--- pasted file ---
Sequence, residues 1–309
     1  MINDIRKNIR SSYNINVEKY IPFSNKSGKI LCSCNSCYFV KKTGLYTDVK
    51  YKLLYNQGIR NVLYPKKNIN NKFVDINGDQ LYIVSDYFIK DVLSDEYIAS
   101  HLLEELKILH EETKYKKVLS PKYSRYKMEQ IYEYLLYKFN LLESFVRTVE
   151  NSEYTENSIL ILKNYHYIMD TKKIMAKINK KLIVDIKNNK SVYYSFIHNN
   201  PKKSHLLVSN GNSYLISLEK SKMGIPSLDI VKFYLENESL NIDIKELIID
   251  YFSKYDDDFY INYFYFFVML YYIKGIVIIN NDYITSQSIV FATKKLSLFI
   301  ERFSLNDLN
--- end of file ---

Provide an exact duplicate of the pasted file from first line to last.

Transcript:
Sequence, residues 1–309
     1  MINDIRKNIR SSYNINVEKY IPFSNKSGKI LCSCNSCYFV KKTGLYTDVK
    51  YKLLYNQGIR NVLYPKKNIN NKFVDINGDQ LYIVSDYFIK DVLSDEYIAS
   101  HLLEELKILH EETKYKKVLS PKYSRYKMEQ IYEYLLYKFN LLESFVRTVE
   151  NSEYTENSIL ILKNYHYIMD TKKIMAKINK KLIVDIKNNK SVYYSFIHNN
   201  PKKSHLLVSN GNSYLISLEK SKMGIPSLDI VKFYLENESL NIDIKELIID
   251  YFSKYDDDFY INYFYFFVML YYIKGIVIIN NDYITSQSIV FATKKLSLFI
   301  ERFSLNDLN